A bit of good news for Egypt: rating agency Standard and Poor’s upgraded the country’s credit rating on Friday on foreign long-term borrowings to ‘B-’ from ‘CCC+’.

In other words, Egypt is considered as now having the capacity to meet its financial oblogations, as opposed to being “vulnerable”. Up is the way to go. Continue reading »

By Dalibor Rohac of the Cato Institute

Following the military takeover and the bloody crackdown on the followers of the Muslim Brotherhood, Egypt has been living through intermittent violence and unrest. Incidence of violence directed against the country’s Coptic minority seems to be on the rise, as does the activity of Islamists operating in the Sinai Peninsula. In short, this seems to be a very odd moment to discuss the arcane details of Egypt’s subsidy programmes.

However, the problem of energy and food subsidies is one of the most significant challenges facing Egypt today. Regardless of what political future looms for Egypt, a reform of subsidies is necessary to avert an approaching economic catastrophe. Continue reading »

By Anthony Skinner of Maplecroft

The Egyptian economy is being propped up by loans, grants, direct deposits and fuel shipments worth billions of dollars from Saudi Arabia, Kuwait and the United Arab Emirates following the toppling of former president Mohamed Morsi and removal from power of the Muslim Brotherhood (MB) in July this year.

Although such aid has allowed Egypt’s authorities to launch ambitious spending on infrastructure to jump start the economy, it also allows them to postpone painful but necessary structural reforms. Continue reading »

Research by Harvard’s Ricardo Hausmann has found that Mexico, Zimbabwe and Egypt are well-positioned to grow. Qatar and Brazil are less well-placed, while China risks recession. In part two of a discussion with John Authers, he explains his unexpected predictions.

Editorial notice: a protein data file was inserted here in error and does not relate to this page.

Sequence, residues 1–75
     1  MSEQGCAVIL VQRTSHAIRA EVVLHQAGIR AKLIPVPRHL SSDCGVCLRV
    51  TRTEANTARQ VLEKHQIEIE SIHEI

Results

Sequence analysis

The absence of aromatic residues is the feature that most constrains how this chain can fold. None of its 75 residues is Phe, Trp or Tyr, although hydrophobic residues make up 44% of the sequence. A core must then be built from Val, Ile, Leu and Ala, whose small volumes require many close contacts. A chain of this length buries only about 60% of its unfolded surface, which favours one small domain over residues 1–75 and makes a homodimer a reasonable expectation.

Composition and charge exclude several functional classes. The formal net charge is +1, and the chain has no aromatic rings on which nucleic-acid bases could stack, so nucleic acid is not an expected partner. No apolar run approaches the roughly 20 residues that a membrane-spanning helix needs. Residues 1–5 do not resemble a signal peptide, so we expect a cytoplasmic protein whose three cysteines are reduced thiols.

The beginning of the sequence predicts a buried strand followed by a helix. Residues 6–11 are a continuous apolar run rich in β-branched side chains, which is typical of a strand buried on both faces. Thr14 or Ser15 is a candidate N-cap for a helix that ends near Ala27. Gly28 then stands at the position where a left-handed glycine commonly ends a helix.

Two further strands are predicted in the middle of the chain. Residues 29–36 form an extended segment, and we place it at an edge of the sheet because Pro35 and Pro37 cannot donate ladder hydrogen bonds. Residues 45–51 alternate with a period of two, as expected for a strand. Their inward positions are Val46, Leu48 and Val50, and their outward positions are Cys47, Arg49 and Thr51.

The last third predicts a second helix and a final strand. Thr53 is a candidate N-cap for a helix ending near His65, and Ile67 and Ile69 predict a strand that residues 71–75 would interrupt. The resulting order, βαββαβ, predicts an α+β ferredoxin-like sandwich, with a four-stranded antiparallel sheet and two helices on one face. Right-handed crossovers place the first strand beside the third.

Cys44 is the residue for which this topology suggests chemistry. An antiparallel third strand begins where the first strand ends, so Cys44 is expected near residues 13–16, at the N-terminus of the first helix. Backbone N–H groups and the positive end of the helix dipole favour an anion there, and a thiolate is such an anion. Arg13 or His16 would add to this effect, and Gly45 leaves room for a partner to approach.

The news out of Egypt may seem unremittingly bad of late but here’s something to cheer equity investors: the benchmark Cairo index, the EGX30, is back above 6,000 points this week, a level not seen since before the toppling of former president Hosni Mubarak way back in January 2011.

In fact, the EGX30 was one of the best performing indices worldwide in the third quarter this year, rising 20.5 per cent. Nevertheless, its new high may be little more than symbolic. Continue reading »

As the FT reports, the US has suspended part of its aid to Egypt in an effort to put pressure on the military to move towards democracy. It comes after months of uncertainty from the US over how to react to the ousting/coup of president Mohamed Morsi. As they say, money talks.

But the move is largely symbolic – the sums involved barely equate to 2 per cent of the $14bn in funding the country has secured from Gulf countries since Morsi was removed. What is really hurting Egypt more is the drop in tourism. The fall in visitors just from the Americas over the last two years has hurt more than the State Department action. Continue reading »

Egypt’s problems are not exactly unknown. The question for potential tourists is whether things are so bad they should stay away.

It seems many think they should. Arrivals in August plummeted 46 per cent compared with the same month in 2012. That’s the worst drop since March 2011, when the country had just desposed president Hosni Mubarak and was in disarray. Continue reading »